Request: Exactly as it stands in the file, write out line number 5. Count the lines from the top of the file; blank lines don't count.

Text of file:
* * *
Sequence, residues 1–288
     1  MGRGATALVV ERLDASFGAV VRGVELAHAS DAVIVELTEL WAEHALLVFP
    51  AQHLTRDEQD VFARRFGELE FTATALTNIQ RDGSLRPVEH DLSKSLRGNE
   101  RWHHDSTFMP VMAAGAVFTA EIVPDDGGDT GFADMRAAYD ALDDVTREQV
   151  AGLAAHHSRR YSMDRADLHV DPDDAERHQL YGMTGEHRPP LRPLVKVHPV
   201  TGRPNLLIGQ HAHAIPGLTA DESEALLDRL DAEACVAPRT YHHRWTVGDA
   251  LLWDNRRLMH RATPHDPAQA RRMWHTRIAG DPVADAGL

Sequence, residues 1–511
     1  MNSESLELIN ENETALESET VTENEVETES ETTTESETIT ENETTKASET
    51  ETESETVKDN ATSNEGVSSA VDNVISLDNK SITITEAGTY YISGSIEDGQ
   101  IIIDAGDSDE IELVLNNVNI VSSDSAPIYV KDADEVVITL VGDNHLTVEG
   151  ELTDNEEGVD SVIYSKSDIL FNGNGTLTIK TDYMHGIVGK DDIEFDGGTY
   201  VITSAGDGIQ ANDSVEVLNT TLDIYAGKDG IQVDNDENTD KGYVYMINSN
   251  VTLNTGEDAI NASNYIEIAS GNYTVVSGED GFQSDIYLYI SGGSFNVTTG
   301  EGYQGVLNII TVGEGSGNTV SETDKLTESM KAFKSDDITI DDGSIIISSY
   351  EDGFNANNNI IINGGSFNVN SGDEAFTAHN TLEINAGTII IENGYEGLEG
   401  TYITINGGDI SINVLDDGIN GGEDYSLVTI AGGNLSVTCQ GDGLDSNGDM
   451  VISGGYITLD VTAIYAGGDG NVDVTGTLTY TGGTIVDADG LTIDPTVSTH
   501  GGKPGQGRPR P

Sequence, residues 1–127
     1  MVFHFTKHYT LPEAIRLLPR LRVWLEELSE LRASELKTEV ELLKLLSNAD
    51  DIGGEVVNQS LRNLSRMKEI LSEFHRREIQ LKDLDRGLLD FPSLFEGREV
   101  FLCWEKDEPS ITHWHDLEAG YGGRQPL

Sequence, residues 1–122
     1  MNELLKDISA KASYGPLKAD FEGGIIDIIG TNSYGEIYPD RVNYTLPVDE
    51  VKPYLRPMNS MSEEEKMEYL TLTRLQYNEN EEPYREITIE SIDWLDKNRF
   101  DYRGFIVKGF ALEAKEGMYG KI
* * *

   151  AGLAAHHSRR YSMDRADLHV DPDDAERHQL YGMTGEHRPP LRPLVKVHPV